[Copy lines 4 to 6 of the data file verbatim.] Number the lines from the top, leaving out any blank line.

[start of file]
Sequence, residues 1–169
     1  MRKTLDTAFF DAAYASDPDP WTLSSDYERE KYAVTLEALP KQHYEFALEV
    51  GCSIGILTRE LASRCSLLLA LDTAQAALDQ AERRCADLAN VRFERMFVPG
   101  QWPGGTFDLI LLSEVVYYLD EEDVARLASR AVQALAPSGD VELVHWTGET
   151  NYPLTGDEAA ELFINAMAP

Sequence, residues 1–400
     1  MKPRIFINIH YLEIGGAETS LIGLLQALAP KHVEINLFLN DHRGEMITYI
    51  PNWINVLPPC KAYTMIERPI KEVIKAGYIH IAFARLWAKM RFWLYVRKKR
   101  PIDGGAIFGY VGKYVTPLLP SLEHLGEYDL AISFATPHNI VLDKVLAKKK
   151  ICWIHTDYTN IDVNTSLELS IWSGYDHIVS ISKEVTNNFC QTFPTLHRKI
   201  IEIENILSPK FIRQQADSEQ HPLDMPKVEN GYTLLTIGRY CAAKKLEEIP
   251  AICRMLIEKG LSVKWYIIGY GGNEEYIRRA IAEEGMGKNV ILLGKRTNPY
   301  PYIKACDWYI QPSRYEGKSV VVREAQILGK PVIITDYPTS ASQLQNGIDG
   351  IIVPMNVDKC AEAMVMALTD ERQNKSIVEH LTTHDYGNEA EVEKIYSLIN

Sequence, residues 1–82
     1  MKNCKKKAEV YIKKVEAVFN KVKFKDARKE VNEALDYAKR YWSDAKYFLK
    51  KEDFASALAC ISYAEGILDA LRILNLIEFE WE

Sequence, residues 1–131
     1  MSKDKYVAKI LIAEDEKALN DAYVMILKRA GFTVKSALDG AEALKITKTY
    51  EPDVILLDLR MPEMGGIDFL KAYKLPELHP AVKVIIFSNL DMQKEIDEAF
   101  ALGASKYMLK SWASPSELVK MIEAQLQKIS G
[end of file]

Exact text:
   101  QWPGGTFDLI LLSEVVYYLD EEDVARLASR AVQALAPSGD VELVHWTGET
   151  NYPLTGDEAA ELFINAMAP

Sequence, residues 1–400